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Crazy work situation...

Discussion in 'General Chat' started by Lizz1155, Dec 25, 2014.


  1. Lizz1155

    Lizz1155 PetForums VIP

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    Any opinions/constructive advice welcome for the following work situation (sorry, it's complex):

    A customer (let's call them Mr A) placed an order with our company during the first week of december. The order was very expensive and contained lots of xmas gifts, and was supposed to be sent to Mr A's home address.

    Due to human error, the order was delivered to Mrs B - it had Mr B's name and address on the parcel. (Even though Mr A had paid for it). Mr A and Mrs B live within the same village.

    When the error is discovered, the company contacts Mrs B asking whether they would be willing to redeliver the parcel to the intended recipient. She advises, "sod off, I'm keeping it". (At this point, Mrs B is unaware that Mr A is the intended recipient). When Mrs B becomes aware who the intended recipient is, she concedes, however it still looks bad that she retained this parcel for a couple of weeks without telling them.

    Given that the order was for xmas gifts, it's too late to send out the entire order again to Mr A (and some of the items are now out of stock anyway). And it's also too late to arrange for a courier to pick up the box and take it to the correct person.

    The only way for Mr A to get the order in time for xmas is to tell them who received the order. (Which is not against data protection, since they're already supposed to have this info via order tracking info.) Problem is, doing this may result in Mr A going over and assaulting Mrs B.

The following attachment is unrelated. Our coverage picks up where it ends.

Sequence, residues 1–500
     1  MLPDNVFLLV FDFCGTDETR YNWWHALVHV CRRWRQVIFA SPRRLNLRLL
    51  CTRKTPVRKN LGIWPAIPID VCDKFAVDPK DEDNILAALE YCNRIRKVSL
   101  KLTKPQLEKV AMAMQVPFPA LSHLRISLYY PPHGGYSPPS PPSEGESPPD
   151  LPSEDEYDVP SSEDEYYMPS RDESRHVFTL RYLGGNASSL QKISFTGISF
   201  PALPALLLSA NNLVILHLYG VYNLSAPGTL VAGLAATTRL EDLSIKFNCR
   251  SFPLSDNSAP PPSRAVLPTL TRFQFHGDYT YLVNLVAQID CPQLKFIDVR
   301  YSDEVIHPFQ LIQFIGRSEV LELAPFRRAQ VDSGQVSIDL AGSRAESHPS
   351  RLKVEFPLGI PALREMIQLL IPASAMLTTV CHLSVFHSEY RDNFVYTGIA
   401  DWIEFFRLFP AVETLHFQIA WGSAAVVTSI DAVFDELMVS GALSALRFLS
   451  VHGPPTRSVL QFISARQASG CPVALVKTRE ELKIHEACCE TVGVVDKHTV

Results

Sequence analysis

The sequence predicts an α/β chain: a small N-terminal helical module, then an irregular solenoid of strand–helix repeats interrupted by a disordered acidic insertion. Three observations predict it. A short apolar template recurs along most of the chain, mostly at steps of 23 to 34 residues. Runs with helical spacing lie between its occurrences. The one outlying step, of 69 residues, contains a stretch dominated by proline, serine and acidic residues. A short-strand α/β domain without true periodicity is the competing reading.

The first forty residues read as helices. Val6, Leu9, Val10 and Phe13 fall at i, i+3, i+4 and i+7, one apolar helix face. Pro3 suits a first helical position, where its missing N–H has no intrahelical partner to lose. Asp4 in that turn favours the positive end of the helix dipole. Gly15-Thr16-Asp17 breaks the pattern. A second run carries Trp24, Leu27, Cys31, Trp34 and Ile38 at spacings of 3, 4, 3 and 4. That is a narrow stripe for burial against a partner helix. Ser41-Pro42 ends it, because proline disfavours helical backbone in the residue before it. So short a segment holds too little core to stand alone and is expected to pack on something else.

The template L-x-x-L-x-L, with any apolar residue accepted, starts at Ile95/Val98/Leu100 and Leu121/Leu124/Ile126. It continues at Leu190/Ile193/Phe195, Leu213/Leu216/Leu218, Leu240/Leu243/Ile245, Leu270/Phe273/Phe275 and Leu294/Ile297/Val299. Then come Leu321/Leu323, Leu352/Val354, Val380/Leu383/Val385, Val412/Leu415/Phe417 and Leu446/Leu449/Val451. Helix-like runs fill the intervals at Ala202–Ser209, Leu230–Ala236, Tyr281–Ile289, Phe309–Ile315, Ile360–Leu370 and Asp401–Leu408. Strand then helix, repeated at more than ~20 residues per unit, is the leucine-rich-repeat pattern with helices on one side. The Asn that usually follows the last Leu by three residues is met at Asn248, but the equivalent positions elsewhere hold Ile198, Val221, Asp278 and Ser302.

What do you do? (And who would be liable, if Mrs B were assaulted?)
     
    #1 Lizz1155, Dec 25, 2014
    Last edited: Dec 25, 2014
  2. Sleeping_Lion

    Sleeping_Lion Banned

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    Does Mr A know that Mrs B kept it and wasn't willing to forward it?
     
  3. Lizz1155

    Lizz1155 PetForums VIP

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    Mr A is aware that Mrs B received it. Mr A was not informed that Mrs B was unwilling to forward it, but he eventually made that assumption by himself.
     
  4. Sleeping_Lion

    Sleeping_Lion Banned

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    Crikey, awkward situation!

    Has Mrs B still not forwarded the parcel then?
     
  5. Lizz1155

    Lizz1155 PetForums VIP

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    Worse - Mr A went over and assaulted Mrs B. I have no idea what we should have done as a company to prevent this, or whether we're liable. Mr A has his parcel now though.

    Customers turn crazy over xmas :/
     
    #5 Lizz1155, Dec 25, 2014
    Last edited: Dec 25, 2014
  6. Sleeping_Lion

    Sleeping_Lion Banned

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    My thoughts would be that you aren't liable if you didn't break any laws. Accidents happen with regards to the mislabelling, it was her choice of actions that caused the problem. It sounds like you did all you could to resolve the issue.